Jol rebuilt his career at Hamburg, then got a plum job as manager of Ajax. His time back in Holland weren’t up as successful as they should have been (Steve McClaren’s FC Twente pipped them to the title) and he lasted only 18 months before being sacked and replaced by Frank de Boer. In July 2011 he got the chance to return to London, becoming Fulham manager after Mark Hughes decided to bail after only a year – either overestimating the job opportunities that awaited him or seeing the chaos that was about to engulf the Craven Cottage club. He had two successful seasons at Fulham, taking them to ninth and twelfth, before in a classic case of “be careful what you wish for”, he was sacked by Fulham in the relegation zone and replaced him with Rene Meulensteen – remember him?
Jol basically got the sort end of the stick twice, teams getting twitchy and sacking their manager, only for his replacement to do much worse! His teams played good football, and it is a surprise that he has not had a job since, only a short time last year in the Egypt with Al-Ahly.
Verdict: Solid as a pair of clogs
4. Ronald Koeman (Southampton 2014-2016, Everton 2016- )
When Mauricio Pochettino left Southampton for Tottenham in 2014, there was a feeling that it was one step too far for the Saints. High profile players left every season, and had just about been replaced, but surely it could not be done again, especially with a new manager. Former Barcelona captain Ronald Koeman had won the Dutch title with Ajax and PSV, but had not had a lot of success in his other roles. On his first day he tweeted a picture of an empty training ground, referencing the loss of important players such as Rickie Lambert, Adam Lallana, Dejan Lovren, and Luke Shaw.
However, Southampton recruited well. Fraser Forster, Saido Maine, Tadic and Pelle all made huge impressions, and loan star Toby Alderweireld became one of the best centre backs in the Premier League. The early season goals of Pelle and the defensive work of Alderweireld and Jose Fonte made Southampton a solid team, and lead them to an impressive seventh place. In the summer, Southampton lost Morgan Schneiderlin to Manchester United and Nathaniel Clyne, but reinvested their money wisely, bringing in Virgil van Dijk from Celtic, Cedric Soares from Sporting, and Oriel Romeu from Chelsea. This added even more solidity to Southampton, and apart from a terrible spell from November to January, they were always in the top half of the table. A record points total and a sixth place finish led to European qualification for a second year, and Koeman decided on a move to Everton was better than another summer of rebuilding.
At Everton, Koeman brought Swansea captain Ashley Williams in to replace Macnhester City-bound John Stones, and Idrissa Gueye from Aston Villa. There season had ups and downs, but the goals of Romelu Lukaku kept them competitive and led to a 7th place finish. Koeman had some struggles with the talented youngster Ross Barkley, but he brought plenty of young players (like Tom Davies, Mason Holgate, and Dominic Cavlert-Lewin) into the Everton first team and got them playing attractive, attacking football, without the defensive frailty of the Roberto Martinez-era teams. He has plenty of time, and opportunity, to climb even higher in this list.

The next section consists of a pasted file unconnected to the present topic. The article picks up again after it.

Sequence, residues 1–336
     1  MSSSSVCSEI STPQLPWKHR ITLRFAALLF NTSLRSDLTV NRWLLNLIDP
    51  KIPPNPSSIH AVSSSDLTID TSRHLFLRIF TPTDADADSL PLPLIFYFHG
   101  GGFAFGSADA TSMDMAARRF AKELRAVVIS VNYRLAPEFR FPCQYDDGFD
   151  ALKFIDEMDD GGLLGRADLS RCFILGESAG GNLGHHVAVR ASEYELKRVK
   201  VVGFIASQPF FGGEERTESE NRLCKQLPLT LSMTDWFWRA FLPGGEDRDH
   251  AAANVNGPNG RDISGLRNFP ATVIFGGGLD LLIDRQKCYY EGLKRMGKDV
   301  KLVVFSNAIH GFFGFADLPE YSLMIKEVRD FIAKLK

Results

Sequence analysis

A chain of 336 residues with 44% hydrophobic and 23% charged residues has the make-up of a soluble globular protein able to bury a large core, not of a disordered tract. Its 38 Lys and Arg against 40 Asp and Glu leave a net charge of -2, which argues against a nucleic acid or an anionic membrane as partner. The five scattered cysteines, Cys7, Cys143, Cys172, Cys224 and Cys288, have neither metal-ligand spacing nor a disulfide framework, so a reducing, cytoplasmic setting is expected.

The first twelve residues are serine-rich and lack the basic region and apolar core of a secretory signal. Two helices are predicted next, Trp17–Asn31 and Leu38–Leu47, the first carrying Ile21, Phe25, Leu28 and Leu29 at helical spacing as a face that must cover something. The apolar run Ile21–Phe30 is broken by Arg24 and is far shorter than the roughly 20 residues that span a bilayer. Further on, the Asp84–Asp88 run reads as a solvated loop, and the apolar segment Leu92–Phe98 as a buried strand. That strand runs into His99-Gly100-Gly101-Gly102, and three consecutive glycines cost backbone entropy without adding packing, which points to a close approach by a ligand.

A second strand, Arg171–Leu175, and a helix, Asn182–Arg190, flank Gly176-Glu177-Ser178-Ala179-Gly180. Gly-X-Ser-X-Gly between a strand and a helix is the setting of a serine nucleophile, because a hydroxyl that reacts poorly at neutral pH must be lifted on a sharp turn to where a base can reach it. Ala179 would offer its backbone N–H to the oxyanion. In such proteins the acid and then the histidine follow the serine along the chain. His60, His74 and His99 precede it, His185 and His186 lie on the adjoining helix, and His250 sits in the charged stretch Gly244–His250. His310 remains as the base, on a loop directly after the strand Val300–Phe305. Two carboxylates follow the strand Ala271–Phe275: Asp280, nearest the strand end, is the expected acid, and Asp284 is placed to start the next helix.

Verdict: A Dam fine manager
3. Louis van Gaal (Manchester United 2014-2016)
When Sir Alex Ferguson retired as Manchester United manager, there was probably no bigger show of respect than the fact that he got to hand pick his successor. David Moyes had a lot of similarities to his fellow Scotsman, and had a very successful run as Everton manager. But, whereas Fergie reigned for 27 years, his replacement lasted barely 9 months, after which the Manchester United board went for an experienced replacement, bringing in Louis van Gaal.
Van Gaal had built the incredibly successful Ajax teams of the 90s, winning the UEFA Cup in ’92 and the Champions League in ’95, a team that included Dennis Bergkamp, Edgar Davids, Clarence Seedorf, Patrick Kluivert, and notably for this article, Frank de Boer. He then won two championships with Barcelona, but then failed to qualify the Netherlands for the 2002 World Cup in Japan and South Korea, and a return to Barcelona was not well received, lasting only 18 months. A slight step down in prestige led to a rebuilding of his career, spending 4 years at AZ Alkamaar, where he won the Dutch league title in 2009. This led to a chance at Bayern Munich, where he won the Bundesliga in 2010 and lost to Jose Mourinho’s Inter in the Champions League final. A disappointing 2011 saw him sacked though, and a return to the Dutch national team led to a 3rd place finish in the 2014 World Cup in Brazil.
This all led to being in the right place at the right time when the Manchester United job became available. The Netherlands had played attractive, intelligent football under him, and he seemed like the right man to replace Moyes, who seemed overawed by the job at times. However, things never really worked out for van Gaal at Old Trafford. He made a lot of signings that never really settled, some though injuries, some just never looking up to the pace of the Premier League (*ahem*Falcao*ahem*). There were signs of improvement in his first season, although a fourth place finish and qualification for the Champions League was the bare minimum of expectations.
The summer of 2015 saw more big money spent, with Antony Martial, Memphis Depay, Bastian Schweinsteiger, Morgan Schneiderlin, and Mattias Darmian all coming in. However, the Red Devil’s return to the Champions League ended in the group stage, and again their season never really fired, sparking rumours of van Gaal handing in his resignation in January. Things did pick up, but results remained mixed, and as Leicester City shocked the world and won the League, United ended up in a disappointing 5th place. Van Gaal actually had a worse win percentage than Moyes, and a FA Cup victory was not enough to keep van Gaal in a job.